There, on the evening of July 3rd, 1996, he put a .357 Magnum up to his head and committed suicide. Although he left a note talking about his failing business and marriage, he never mentioned any of his victims.
Fox Hollow Farm address.
Below, you will find the address and the GPS coordinates for this location.
The latitude and longitude coordinates for the farm are:
To view directions on how to get there, you can use the Google Maps shortcut below:
The full address for this location is:
Monon Hills Court
The entrance to Fox Hollow Farm is roughly 0.4 miles east of the intersection between East 156th Street and Oak Ridge Road. Baumeister's former house is situated at the end of Monon Hills Court.
Details about the general area.
Carmel is a suburban city that lies to the north of Indianapolis.
Private property warning.
This is a private property. It is not a public place. Therefore, you should be respectful and not step foot on the property without permission.
Photos of the farm and other related images.
Herb Baumeister's house.
Image source: Google Maps
Herb Baumeister's former house is situated at the end of Monon Hills Court in Carmel, Indiana.
In June of 1996, the police discovered human bone fragments strewn across the back of the property. A thorough search by a team of 60 volunteers uncovered more than 5,000 bone fragments, rib cages, spines, and teeth in the backyard and a drainage ditch beside an adjoining property.
During the search, one volunteer reportedly exclaimed, "Jesus Christ, they're everywhere."
Baumeister had managed to keep his activities hidden from his family by waiting until they had left town. In the summer months, Julie would often take their children to Herb's mother's house for weeks at a time.
Once his family was gone, the well-spoken businessman would troll for victims in Indianapolis' gay bars and then lure them back to his house in Carmel.
After strangling his victims to death, he seemingly burned their corpses under piles of branches and leaves.
Two years before he became a suspect, one of his children discovered a skull in the backyard. However, he managed to convince his wife that it was just a medical replica that had been given to him by his late father.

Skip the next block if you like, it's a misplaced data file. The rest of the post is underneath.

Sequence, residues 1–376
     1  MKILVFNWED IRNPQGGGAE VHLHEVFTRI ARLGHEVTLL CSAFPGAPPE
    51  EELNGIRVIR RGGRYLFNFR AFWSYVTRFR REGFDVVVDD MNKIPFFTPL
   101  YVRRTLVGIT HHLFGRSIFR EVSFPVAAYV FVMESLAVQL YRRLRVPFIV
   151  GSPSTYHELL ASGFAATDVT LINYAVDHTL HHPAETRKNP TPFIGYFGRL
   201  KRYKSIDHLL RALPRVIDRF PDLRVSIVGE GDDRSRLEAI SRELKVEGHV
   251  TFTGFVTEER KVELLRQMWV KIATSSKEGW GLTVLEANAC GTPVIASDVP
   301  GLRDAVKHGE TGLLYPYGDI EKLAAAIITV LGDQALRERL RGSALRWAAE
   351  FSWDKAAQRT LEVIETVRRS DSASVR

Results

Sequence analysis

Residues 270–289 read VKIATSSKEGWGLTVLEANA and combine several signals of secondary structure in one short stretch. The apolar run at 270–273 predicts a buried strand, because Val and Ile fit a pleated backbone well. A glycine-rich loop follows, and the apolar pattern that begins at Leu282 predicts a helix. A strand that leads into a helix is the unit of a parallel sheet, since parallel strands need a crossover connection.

These images of the search effort were captured in 1996. Many of the bones were found in the wooded area at the back of the property.
Fox Hollow Farm.
Although the surviving witness, Tony Harris, knew that he was in the suburbs, he was unable to figure out the exact location.
As Baumeister was driving him back towards the city, he caught a glimpse of a sign that had "farm" written on it. Notably, there is a sign for "Fox Hollow Farm" at the entrance to Monon Hills Court.
This is a west-facing aerial image of Baumeister's former property.
The forested area at the back is situated beside the Monon Walking Trail, which runs through East 156th Street and Oak Ridge Road.
Baumeister became rich after he founded a thrift store chain called Sav-A-Lot in 1988. However, by the mid-1990s, he was reportedly in financial difficulties.
Image source: WTHR
Most of the intact bones were found in the drainage ditch on the western side of the house.
The new owner, Robert Graves, says that he still finds human bones on his land. Whenever he does happen across one, he sends it to the University of Minnesota for DNA testing.
So far, three of the eleven victims remain unidentified. It is hoped that DNA testing will one day give them back their names.
Herb Baumeister married his wife Julie Saiter in November of 1971. The couple had three children: Marie, Erich, and Emily.
According to Julie, they only had sex about six times throughout the course of their 25-year-long marriage.
This, combined with his penchant for targeting gay men, suggests that Baumeister was a closeted homosexual.
When their son discovered a skull in the backyard, Herb told her that it was a medical skeleton that had been given to him by his late father. At the time, Herb's explanation made sense to her, as his father was an anesthesiologist.